Another feature of the present invention is to provide a graphical user interface which enables a user to develop a specify scanning, paging, or other notification operational parameters for a mobile unit through the use of icons, buttons, meters, slides, or other objects implemental on a interactive display. For example, the present invention may also provide an interactive display to the user depicting a graph or list of the servers, networks, or users, wherein points represent mobile units, network nodes, gateways, service providers, radio paging services, or other well known designated network units together, while lines represent channels, links, or other connectivity media. The user may define the message delivery architecture by pointing and clicking, or drag and dropping, on such objects on the display as is well known in the art so as to achieve the desired notification schedule. One such architecture is specified by a user, it may be implemented as a software file and sent to the actual various network elements represented, along with activation schedules, to indicate the duration, context, or other bounds with which the message service is to be configured.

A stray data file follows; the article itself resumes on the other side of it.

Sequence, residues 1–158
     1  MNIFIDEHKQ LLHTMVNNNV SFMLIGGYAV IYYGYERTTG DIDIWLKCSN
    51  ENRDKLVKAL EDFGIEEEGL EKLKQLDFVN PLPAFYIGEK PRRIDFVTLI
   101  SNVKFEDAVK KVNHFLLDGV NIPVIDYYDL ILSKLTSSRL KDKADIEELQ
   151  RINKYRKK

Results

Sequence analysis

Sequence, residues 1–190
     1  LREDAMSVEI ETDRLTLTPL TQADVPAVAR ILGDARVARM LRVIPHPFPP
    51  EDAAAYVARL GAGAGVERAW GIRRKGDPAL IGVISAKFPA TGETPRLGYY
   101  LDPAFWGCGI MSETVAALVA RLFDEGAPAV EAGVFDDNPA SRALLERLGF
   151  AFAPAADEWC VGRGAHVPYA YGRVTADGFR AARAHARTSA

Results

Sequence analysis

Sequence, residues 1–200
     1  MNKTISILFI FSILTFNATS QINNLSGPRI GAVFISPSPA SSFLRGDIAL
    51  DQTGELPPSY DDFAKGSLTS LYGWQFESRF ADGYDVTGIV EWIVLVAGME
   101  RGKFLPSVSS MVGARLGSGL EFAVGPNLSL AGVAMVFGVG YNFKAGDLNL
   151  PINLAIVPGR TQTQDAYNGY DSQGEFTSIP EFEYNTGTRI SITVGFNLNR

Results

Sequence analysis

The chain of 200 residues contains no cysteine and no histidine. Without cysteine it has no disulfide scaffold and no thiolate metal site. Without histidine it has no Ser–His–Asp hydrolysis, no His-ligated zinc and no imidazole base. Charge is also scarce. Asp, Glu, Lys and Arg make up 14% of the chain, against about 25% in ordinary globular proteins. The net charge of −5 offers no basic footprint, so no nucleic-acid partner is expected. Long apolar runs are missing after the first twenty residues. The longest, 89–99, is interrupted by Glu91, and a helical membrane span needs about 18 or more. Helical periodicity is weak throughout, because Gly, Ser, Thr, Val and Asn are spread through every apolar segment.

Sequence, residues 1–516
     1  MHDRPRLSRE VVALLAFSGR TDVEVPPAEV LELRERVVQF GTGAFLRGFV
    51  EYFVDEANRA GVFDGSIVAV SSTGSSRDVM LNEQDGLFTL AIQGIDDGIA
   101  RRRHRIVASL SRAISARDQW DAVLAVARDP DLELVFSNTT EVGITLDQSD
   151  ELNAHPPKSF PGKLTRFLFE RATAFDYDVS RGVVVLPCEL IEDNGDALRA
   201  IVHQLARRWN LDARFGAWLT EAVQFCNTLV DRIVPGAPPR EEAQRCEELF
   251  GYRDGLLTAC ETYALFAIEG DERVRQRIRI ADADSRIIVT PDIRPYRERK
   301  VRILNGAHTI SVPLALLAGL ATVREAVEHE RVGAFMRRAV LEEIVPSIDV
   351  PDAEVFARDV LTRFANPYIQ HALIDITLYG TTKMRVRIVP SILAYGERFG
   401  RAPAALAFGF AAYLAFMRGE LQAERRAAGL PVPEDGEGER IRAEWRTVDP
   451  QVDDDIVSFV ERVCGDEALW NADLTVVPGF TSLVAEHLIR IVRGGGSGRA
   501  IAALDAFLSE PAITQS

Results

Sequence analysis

Various aspects of the techniques and apparatus may be implemented in digital circuitry, or in computer hardware, firmware, software, or in combinations of them. Apparatus of the invention may be implemented in computer products tangibly embodied in a machine-readable storage device for execution by a programmable processor, or on software located at a network node or website which may be downloaded to the computer product automatically or on demand. The foregoing techniques may be performed, for example, single central processor, a multiprocessor, one or more digital signal processors, gate arrays of logic gates, or hardwired logic circuits for executing a sequence of signals or program of instructions to perform functions of the invention by operating on input data and generating output. The methods may advantageously be implemented in one or more computer programs that are executable on a programmable system including at least one programmable processor coupled to receive data and instructions from, and to transmit data and instructions to, a data storage system, at least one in/out device, and at least one output device. Each computer program may be implemented in a high-level procedural or object-oriented programming language, or in assembly or machine language if desired; and in any case, the language may be compiled or interpreted language. Suitable processors include, by way of example, both general and special purpose microprocessors. Generally, a processor will receive instructions and data from read-only memory and/or random access memory. Storage devices suitable for tangibly embodying computer program instructions and data include all forms of non-volatile memory, including by way of example, semiconductor devices, such as EPROM, EEPROM, and flash memory devices; magnetic disks such as internal hard disks and removable disks; magneto-optical disks; and CD-ROM disks. Any of the foregoing may be supplemented by or incorporated in, specially designed application-specific integrated circuits (ASICS).